Front of the Class: Lessons & Laughs Learned from my Middle School Classroom
As a public educator, I aim to share my story with those interested about what really happens inside today's classroom. I hope my stories inspire, educate, and entertain you, as the calling of teaching is never neat or predictable. Please note that my blog content does not necessarily reflect the viewpoints or beliefs of my school district or colleagues.
Super Teacher's Job is Never Done!
Photo courtesy of DiscoveryEducation.com
Teaching is the profession that teaches all the other professions. ~ Author Unknown
My goal is to reveal one teacher's humble journey of self-reflection, critical analysis, and endless questioning about my craft of teaching and learning alongside my middle school students.
"The dream begins with a teacher who believes in you, who tugs and pushes and leads you to the next plateau, sometimes poking you with a sharp stick called 'truth'." ~ Dan Rather
Ten schools have been identified as intervention, innovation schools in Montgomery County, MD for the 2013-14 school year. I am currently teaching in one and will be the Staff Development Teacher at another next year.
MCPS Daily Press Highlights
by the Department of Public Information and Web Services, Room 112, CESC
Wednesday, May 22, 2013
react to new innovation, intervention plan (Gazette)
Montgomery County Public Schools Superintendent Joshua P.
Starr said he believes there is no one-size-fits-all approach to school and
student success. Starr and his team have designed a plan for next school year
that will allow central office staff to step in when they see problems, or
potential, at individual schools. Twenty schools will be named “intervention”
schools and work with a specialist to improve specific student outcomes next
school year. Of those, 10 have been named “innovation” schools, and will
receive extra support from central office to boost their current school
I love the Folger Shakespeare Library and its professional development opportunities!
We’re so excited to be offering two opportunities for
educators next month that can’t be found anywhere else! Join us for one
or both programs to experience performance-based teaching first hand, and join
your voice with that of the leader in Shakespeare education in America!
Get Shakespeare’s magical comedy on its feet in your
classroom with performance-based teaching techniques made specifically for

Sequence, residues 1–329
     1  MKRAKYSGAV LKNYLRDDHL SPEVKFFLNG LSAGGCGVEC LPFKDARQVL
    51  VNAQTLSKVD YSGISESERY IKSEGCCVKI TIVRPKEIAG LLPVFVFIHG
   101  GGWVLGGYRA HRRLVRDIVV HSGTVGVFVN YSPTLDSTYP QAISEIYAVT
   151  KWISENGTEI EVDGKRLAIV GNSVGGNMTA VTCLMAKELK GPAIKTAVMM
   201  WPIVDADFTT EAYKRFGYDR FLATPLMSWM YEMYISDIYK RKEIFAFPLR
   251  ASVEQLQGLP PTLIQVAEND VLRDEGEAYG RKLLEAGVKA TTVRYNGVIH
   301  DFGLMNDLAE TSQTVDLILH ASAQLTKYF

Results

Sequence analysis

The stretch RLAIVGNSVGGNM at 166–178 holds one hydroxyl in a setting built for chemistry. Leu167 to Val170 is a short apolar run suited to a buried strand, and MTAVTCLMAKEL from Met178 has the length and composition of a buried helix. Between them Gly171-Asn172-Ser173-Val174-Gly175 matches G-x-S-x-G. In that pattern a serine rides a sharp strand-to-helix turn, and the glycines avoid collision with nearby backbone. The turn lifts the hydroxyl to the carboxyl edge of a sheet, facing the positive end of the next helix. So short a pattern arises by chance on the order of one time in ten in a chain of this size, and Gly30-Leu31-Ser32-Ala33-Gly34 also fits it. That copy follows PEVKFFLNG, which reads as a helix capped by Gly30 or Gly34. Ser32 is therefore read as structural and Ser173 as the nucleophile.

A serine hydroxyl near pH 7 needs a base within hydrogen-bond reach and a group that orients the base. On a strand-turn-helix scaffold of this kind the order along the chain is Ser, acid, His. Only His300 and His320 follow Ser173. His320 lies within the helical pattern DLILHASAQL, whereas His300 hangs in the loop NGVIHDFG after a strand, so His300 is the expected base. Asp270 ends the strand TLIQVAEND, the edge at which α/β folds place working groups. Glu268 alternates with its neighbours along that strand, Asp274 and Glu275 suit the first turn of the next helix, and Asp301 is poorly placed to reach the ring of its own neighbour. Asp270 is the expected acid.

this whimsical romance. Then see the play come to life in Folger
Theatre’s dazzling production! A light breakfast and lunch are provided for
this full day of experiencing Shakespeare Set Free for your classroom.
Register in the link above!
Join Folger Education to discuss new practices,
resources, and more from a host of authors, educators, scholars and
students as we explore the fast-growing field of Shakespeare in Elementary
Education! Perfect for teachers and teaching artists of K-7 students, ESL/ELL
students, or any educator interested in learning more about the practice of
performance-based teaching! The conference is full of
exciting workshops and discussions – a full list of speakers and a link for
online registration can be found in the link above. The Early Bird Registration
discount is only available through June 3rdwhen the cost will increase to $150, so don’t
If you have any questions about these or other Folger
Education programs, please don’t hesitate to ask. We’d love to hear from you.
Polish orphans provide
unlikely lessons in thriving World War ll refugees provide unlikely lessons in thriving. http://wapo.st/18QVB6Z
But in another sense there was a
happy ending — one that we might usefully contemplate. In recent years, the
gap in educational attainments of rich and poor Americans has grown wider, largely because of the enormous
resources those of us who can do so now pour into our children. Success, we
have come to believe, depends on excellent schools, carefully organized leisure
and, above all, on high-concentration, high-focus parenting.
The orphans of
Pahiatua did not have any of these things. On the contrary, they had witnessed
the deaths of parents and siblings, experienced terrible deprivation and lost
years of education before finding themselves in an alien country on the far
side of the world. And yet they learned the language, they
assimilated, they became doctors, lawyers, farmers, factory workers,
teachers, business owners.
It's May. It's spring in Colorado. My 6th graders are starting to sound, smell, and act like ... 7th graders. Sunshine and storms trade places depending on the day, so outdoor recess is not a given. Energy is high and motivation is a struggle. Summer is just around the corner and weeks, days, and hours away. Many instructional hours away.